Take 2 — Descent commences
The first part of the standard descent is scrambling down. However, in the condition of snow-covered wet rock, scrambling is too hard and risky. We abseil down along the descent route for 4 short pitches, leaving some gear, and even chopping an end of the rope that got stuck.
Now, the guidebook indicates to climb up a looming 3-metres high rock above the chockstone in the deep gully in front of us. I tried but was defeated and gave up in the end, as I judged a fall and injury were a real possibility, if my hands slip off the snow-covered small edges.
I am soaking wet and cold by now. The fact I haven't brought the waterproof trousers and that my shoes have no water-resistance did not help. There is no sign of easing of the wet snowstorm. An onset of hypothermia is certainly felt, and so is for Kyle. We have to act, quickly.
The idea of calling for mountain-rescue crosses our mind, seriously. However, we have to dismiss it — any rescue operation would not start before next morning at earliest, or may be even delayed if the weather does not improve. That means we would have to survive overnight at least, or longer, by ourselves anyway. We have no choice but to self-rescue.
Let's abseil down the deep gully below the chockstone. We have no idea where it leads to, but hope to negotiate to find the way to descend. I start to abseil to unknown.
After 10 or so metres, suddenly I heard the voice.
NO! Not that way! You will be in trouble, if you go that way!
It was a British team of Dave & Kevin we had overtaken some time ago, who have just caught us up.
I was first hesitant to abort and undo the attempt, whatever the attempt was, in this stressful and very cold situation. However I knew they were right, or at least my way was not right, as well as I sensed they knew the way. So, I reversed to climb up to the belay.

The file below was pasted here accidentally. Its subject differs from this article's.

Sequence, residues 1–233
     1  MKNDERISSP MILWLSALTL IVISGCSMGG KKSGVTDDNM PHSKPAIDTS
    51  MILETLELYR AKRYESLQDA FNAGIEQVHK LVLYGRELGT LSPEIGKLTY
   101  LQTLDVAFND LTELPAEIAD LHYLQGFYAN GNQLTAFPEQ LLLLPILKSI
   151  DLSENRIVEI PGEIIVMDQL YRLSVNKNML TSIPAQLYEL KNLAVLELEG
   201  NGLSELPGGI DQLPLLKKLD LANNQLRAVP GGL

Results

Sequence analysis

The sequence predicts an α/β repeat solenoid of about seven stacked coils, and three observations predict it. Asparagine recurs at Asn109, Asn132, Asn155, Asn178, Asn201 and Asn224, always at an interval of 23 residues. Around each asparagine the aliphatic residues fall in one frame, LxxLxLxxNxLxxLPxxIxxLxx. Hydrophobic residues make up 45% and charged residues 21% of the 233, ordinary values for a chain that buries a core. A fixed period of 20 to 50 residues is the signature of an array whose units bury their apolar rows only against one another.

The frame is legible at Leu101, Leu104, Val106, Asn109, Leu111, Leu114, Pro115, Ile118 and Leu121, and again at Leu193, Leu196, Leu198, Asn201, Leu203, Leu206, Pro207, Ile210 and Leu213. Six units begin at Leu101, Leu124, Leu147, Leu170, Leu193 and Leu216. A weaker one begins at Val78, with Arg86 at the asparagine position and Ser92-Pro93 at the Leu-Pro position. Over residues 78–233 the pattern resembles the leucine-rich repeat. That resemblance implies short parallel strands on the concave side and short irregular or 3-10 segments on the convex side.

Unfortunately, Sod's law always works:
What can go wrong will.
And in general it happens at the most undesirable time. Like this time.
Our two ropes have got terribly tangled, as I climb up and pull up them to the hanging belay stance. The wind and snow blowing, I feel colder and colder, and Kyle must be even worse, as he has been staying still at the belay station for ages by now. But of course we need straight ropes, not a mess of chunks of nylon fiber. We have no choice but sort out our lifeline first.
By the time we finally untangle them, Dave & Kevin have overtaken us and managed to climb up the 3-metre wall, with a shriek as the leader pulled up hard. They very kindly left a sling for us that is hung from the top edge, secured with a cam in a rock feature. With the help of the sling, I managed to climb up this time, with a shriek.
Before, nothing has been seen apart from vertical walls in all directions. Now, I can see the way of the descent. The life seems sweeter finally, even though the weather is still terrible and I feel very cold and am shaking badly, and even though it is pitch dark.
Take 3 — Abseil incident
We kept abseiling for another few pitches, passing Dave & Kevin on the way, who had decided to bivouac at the first flat-ish ledge. We did not have a bivvy kit, and anyway both of us felt far too cold to stay still. Only the way to keep ourselves warm is to keep going through the night.
In one occasion, I took a lead in abseil. After my abseil, Kyle tugged the main anchor, a rock spike, just in case, and it just got detached and fell off…
Even though I did place a backup cam, if the rock weighing over 100-kg had come off while I was abseiling, who knows what could have happened. And worse, if Kyle had committed to abseil after taking out the backup cam, and if the anchor had blown while abseiling…
I was already feeling very cold at that time. But this incident made my heart and spine even colder, greatly…
Take 4 — Second fall
Eventually we reached the less steep and snowy terrain of Nantillon glacier and started walking down. The harsh weather has finally calmed down a little.
In this climbing I took an ultra-light approach, particularly shedding off the weight of snow/ice gear, that is, my iceaxe was the world-lightest ski-mountaineering one (CAMP Corsa), my crampons were the world-lightest hiking ones (Kahtoola KTS Aluminium) with just trainers, as I judged the main obstacle was rock pitches and that I would manage the easy snowy or icy part with less-than-ideal gear.